Book Review: The First Woman Pope

Human beings are “essentially the bridge between spirit and matter” – Peter Canova

by Roger Zotti

Begin reading “Pope Annalisa” (Trimountaine Publishers) and you’ll soon realize Peter Canova has written a mesmerizing novel. In addition to dealing with important contemporary themes, both religious and political, his ambitious work features an absorbing storyline, many memorable characters, and is consistently provocative.

To keep his storyline moving, Peter asserts, “I labored to make some dense material understandable.” Clearly he succeeded. Consider how he clarifies the problem of time and God. To the admirable Cardinal Roncalli, the 43-year-old Annalisa says: “It is said God exists beyond time. No yesterday, today, or tomorrow, just now….So why did He give us time? …Through time we are given the opportunity to act and then to meet with the results of our actions—our errors or successes—on another day, at another time.” Annalisa also tackles truth which, she asserts, “comes in dreams, images, and symbols. It is a constant process of revelation.”

As for the book’s key theme, Peter says: “It’s that there is really no true separation between humans and the divine—as we’ve been taught in Judeo-Christianity. Latent within each of us is a divine spark [we are able] to communicate with, in order to bring our lives to a higher level of being while we’re here in this material form. Within that is the recognition that all things, seen and unseen, emanate from one consciousness. This consciousness has projected itself outside of itself into many different points of consciousness.”

Peter adds that “the primary dynamic behind life you see in all the ancient cultures is a male-female polarity underlying the energetic processes of the universe. Once we understand this and balance these forces—which is certainly possible—the gateway to contact with this higher level of information residing in our being is opened. That sounds complex, but throughout the story you see how the growing awareness of that principle affects the characters’ lives.”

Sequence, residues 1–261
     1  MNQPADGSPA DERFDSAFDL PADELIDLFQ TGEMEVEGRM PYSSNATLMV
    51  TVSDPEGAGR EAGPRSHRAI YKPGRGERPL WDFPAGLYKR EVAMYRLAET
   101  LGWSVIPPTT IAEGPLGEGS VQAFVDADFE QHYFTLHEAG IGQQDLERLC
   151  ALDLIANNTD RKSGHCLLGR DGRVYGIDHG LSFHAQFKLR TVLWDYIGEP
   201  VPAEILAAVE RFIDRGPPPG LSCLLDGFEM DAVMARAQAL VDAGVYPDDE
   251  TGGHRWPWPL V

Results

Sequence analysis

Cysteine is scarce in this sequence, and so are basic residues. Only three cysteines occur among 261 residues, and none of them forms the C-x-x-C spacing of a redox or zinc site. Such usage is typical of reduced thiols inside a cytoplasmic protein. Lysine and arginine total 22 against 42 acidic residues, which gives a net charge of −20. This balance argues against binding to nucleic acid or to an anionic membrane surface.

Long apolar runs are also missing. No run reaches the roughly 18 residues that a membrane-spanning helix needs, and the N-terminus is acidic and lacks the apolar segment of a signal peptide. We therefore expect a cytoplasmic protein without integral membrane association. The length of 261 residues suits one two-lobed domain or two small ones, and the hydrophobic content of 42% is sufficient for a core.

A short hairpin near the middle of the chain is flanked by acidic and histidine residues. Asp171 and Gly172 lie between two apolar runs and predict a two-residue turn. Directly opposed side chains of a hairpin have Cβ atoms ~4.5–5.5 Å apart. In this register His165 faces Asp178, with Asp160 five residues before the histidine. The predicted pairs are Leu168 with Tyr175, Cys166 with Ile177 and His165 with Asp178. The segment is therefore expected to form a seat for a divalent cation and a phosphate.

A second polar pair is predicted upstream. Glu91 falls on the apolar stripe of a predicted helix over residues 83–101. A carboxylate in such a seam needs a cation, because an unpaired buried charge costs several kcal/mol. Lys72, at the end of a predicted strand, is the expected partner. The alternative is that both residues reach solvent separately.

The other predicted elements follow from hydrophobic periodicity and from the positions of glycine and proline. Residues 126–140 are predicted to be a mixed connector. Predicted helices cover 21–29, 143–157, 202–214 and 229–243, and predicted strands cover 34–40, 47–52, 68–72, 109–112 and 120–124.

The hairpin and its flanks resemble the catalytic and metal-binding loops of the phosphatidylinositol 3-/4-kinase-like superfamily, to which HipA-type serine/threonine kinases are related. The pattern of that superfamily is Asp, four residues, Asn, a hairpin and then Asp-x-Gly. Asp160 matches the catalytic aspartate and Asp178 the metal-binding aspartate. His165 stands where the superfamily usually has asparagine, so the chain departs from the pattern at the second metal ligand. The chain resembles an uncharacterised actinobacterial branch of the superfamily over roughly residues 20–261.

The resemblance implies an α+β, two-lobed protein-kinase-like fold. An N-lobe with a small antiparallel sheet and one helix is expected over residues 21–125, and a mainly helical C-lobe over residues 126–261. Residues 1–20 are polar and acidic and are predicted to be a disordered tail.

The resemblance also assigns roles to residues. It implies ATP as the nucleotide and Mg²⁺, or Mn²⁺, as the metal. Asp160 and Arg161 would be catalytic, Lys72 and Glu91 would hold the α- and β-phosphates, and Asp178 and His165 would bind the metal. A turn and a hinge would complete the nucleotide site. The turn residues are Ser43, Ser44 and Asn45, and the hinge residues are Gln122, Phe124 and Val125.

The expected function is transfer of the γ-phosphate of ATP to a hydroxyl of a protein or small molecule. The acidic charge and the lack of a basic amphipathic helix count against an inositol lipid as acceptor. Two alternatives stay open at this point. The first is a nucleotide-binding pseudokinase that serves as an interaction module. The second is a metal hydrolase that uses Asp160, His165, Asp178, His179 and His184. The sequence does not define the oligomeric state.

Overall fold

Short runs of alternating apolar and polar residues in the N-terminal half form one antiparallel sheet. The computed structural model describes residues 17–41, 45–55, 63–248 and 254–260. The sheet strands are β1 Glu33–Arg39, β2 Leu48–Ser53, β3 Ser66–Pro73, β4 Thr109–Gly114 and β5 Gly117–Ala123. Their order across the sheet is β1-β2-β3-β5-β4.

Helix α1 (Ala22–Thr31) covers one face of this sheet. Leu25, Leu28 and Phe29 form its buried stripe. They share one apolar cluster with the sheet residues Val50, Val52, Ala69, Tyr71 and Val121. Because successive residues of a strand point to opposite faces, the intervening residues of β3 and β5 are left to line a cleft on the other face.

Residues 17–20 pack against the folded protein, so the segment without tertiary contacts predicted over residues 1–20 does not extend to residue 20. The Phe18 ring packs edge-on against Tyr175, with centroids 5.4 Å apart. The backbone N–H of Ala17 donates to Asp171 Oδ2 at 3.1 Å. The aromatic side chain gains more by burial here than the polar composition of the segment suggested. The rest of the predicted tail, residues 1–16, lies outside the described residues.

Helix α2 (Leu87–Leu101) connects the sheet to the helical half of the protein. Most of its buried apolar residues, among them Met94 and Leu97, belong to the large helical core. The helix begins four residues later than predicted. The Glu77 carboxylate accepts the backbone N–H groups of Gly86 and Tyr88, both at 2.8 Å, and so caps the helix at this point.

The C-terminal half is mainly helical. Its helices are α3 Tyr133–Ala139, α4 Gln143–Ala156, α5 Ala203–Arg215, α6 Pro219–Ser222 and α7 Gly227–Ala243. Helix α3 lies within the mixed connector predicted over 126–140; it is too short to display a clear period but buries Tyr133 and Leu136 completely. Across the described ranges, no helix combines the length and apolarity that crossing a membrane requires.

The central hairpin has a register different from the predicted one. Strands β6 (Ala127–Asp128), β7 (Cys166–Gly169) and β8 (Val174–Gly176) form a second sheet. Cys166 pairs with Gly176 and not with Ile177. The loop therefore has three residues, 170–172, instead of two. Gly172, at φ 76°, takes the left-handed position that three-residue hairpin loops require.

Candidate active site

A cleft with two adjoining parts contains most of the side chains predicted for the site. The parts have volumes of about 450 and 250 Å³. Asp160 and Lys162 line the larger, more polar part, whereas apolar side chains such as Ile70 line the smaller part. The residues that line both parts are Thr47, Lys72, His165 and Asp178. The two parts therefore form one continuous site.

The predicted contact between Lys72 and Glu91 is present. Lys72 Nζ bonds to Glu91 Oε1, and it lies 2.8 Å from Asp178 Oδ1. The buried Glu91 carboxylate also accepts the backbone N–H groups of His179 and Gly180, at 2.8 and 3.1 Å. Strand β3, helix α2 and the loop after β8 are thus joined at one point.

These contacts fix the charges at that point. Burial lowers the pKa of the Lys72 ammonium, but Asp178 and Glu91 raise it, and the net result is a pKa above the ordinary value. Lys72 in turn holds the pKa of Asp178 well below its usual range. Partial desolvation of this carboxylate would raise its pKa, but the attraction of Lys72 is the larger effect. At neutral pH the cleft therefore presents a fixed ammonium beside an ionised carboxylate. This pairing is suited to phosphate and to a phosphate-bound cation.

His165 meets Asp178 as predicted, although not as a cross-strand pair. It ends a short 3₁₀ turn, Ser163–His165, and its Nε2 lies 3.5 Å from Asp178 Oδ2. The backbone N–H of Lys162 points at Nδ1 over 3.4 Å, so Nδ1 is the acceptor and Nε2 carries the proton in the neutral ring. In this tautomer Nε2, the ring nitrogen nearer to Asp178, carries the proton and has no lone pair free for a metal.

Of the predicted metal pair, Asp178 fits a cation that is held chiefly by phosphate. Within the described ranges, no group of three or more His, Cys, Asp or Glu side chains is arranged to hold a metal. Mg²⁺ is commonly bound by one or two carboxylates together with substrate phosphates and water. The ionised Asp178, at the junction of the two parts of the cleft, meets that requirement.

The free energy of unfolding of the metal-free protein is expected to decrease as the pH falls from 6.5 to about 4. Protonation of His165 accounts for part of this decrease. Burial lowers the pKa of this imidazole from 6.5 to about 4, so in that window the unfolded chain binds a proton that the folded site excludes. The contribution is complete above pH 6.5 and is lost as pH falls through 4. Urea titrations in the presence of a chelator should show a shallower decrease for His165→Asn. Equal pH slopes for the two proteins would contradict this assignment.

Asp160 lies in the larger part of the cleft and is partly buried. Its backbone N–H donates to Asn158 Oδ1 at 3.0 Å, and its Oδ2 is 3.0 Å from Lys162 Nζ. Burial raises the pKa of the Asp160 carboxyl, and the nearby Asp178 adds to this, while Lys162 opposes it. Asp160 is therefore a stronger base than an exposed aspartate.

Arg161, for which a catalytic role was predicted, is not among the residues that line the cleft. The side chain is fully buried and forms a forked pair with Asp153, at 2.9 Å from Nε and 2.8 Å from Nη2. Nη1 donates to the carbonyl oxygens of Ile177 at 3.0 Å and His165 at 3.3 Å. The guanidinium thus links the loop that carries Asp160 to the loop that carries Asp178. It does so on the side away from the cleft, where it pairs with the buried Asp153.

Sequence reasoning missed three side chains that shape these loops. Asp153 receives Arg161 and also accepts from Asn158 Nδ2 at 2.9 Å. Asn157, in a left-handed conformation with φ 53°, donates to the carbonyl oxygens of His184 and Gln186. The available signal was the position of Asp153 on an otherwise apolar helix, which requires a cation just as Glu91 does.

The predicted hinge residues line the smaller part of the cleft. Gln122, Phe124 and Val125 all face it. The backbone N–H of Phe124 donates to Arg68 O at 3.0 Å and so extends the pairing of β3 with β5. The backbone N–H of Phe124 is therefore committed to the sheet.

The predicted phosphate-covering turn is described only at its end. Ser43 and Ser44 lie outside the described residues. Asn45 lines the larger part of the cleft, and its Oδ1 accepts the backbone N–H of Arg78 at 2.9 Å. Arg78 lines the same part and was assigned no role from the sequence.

Peter hopes readers take away from the novel a “more exalted conception of what a human being is.” He stresses that human beings are “essentially the bridge between spirit and matter.” In his twenties Peter had “very real experiences—not imaginary ones—that had to do with this source of higher information.” Some of his premonitions saved his life “and were so startling I spent the next 35 years trying to understand the source of this intuitive information going through me.”

In “Pope Annalisa” a key moment occurs in Chapter LV, when the Cardinals have assembled to elect a new pope and a “terrorist intrusion” occurs. Thanks to Annalisa’s intervention, it doesn’t turn deadly. After the unexpected incident, the diminutive Annalisa, “her skin…the color of coffee and cream, smooth and calm,” is elected the world’s first African and female pope. Rest assured her goal to change “the world’s political [and religious] landscape” isn’t going to be easy.

The first book of a trilogy, “Pope Annalisa” has won two International Book Awards as well as awards for Visionary Fiction and New Age Fiction. It will also be made into a motion picture. Visit Peter’s website (www.popeannalisa.com) for more information about him and his critically acclaimed novel.